Scotland's drug-deaths crisis: We must look at how the victims lived not just how they died – Tom Wood

Some positive news in our long struggle with Scotland’s drug deaths. At last the First Minister has gripped the problem and her commitment of £250 million over the next five years is welcome indeed.

Many drug users are lonely and depressed and seem to give up the will to live (Picture: Sean Bell)

This significant sum will reinstate the monies stripped from our addiction services during the austerity years, and then some.

As importantly, for the first time in a decade, addiction services have a heavyweight political champion. It was refreshing to see a political leader with the guts to step forward and take responsibility for a ‘national disgrace’ that has been deteriorating under our noses for years.

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So what now? We know throwing money at this problem does not work; we have tried it before. We cannot buy or arrest our way out, careful management and sustained investment in proven treatment plans is the only way.

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We must avoid a free-for-all or simply pumping money into services and approaches that we know have failed in the past. But before we launch this new effort, we need a true appreciation of the problem.

A few years ago, while I was working with Edinburgh Alcohol & Drug Action Team, we had the opportunity to look at the lives of 20 people whose deaths had been recorded as “drugs-related”.

The toxicology reports identified the substances but a closer examination showed that drugs and alcohol were usually only one factor in their deaths. Mainly men in their 30s, most had a long history of addictions, drifting in and out of services.

Many had other complex physical and mental illnesses. All were isolated, most of their friends and families had long since been driven away. Some had no contacts other than their doctor, social worker or dealer. Depressive illness was common.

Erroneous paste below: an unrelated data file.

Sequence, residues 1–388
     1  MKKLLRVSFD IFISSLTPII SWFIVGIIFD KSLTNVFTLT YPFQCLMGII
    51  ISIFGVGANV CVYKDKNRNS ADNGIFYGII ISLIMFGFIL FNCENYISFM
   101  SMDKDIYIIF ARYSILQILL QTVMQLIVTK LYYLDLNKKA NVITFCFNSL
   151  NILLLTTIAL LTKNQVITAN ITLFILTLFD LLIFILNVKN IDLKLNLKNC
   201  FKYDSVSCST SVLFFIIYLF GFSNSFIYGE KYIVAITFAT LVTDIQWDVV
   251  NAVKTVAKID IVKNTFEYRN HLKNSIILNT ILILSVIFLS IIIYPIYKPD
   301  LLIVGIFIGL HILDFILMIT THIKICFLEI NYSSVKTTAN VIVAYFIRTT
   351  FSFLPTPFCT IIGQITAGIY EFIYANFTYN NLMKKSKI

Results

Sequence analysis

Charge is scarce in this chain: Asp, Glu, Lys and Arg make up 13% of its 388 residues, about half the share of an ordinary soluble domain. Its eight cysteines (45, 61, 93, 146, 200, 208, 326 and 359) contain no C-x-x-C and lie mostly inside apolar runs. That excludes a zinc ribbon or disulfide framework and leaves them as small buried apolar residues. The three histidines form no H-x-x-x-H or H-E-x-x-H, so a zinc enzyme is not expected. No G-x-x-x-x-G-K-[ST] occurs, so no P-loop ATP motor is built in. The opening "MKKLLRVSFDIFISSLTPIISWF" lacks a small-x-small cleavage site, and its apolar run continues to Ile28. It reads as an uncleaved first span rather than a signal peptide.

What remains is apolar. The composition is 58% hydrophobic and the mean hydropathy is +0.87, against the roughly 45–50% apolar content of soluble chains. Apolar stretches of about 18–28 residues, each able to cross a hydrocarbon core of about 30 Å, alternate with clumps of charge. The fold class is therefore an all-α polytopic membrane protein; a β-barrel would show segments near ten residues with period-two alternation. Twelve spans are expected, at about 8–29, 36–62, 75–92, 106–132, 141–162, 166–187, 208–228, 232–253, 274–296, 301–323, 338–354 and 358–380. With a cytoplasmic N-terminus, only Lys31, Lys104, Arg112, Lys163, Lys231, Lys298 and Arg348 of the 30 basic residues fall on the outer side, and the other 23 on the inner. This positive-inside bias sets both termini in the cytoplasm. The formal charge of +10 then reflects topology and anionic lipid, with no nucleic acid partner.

It was a small sample, but even so the evidence was clear. While combinations of alcohol and drugs were recorded on their deaths certificates, the real cause of these young people’s deaths was wider and deeper. Lonely and detached, many seemed to have simply given up the will to live.

I was reminded of that insight last week when reading about the excellent research by Glasgow University into the drug-related death of young women soon after their children had been taken into care. Once again the factors driving high-risk drug use were wider social issues. Drugs were the cause of death but not the reason.

That is why effective prevention of drug deaths must focus on the whole lives of users, not just their addiction. And that is why residential rehabilitation and aftercare is rightly being prioritised.

Only aftercare and continued support will avoid the deadly game of snakes and ladders that so often attends addiction and ends in tragedy.

It’s expensive but we know it works. I have written before about the work of the Lothian and Edinburgh Abstinence Programme. For more than ten years this tough, abstinence-based residential regime has proved hugely successful, not only in helping people overcome their addictions, but in supporting them to stay in recovery.

Now with funding and political will, we finally have a real opportunity to tackle this ongoing calamity. The key will be to focus on drug users’ lives, not just their deaths.

Tom Wood is a writer, former Deputy Chief Constable and former chair of Edinburgh Alcohol & Drug Action Team

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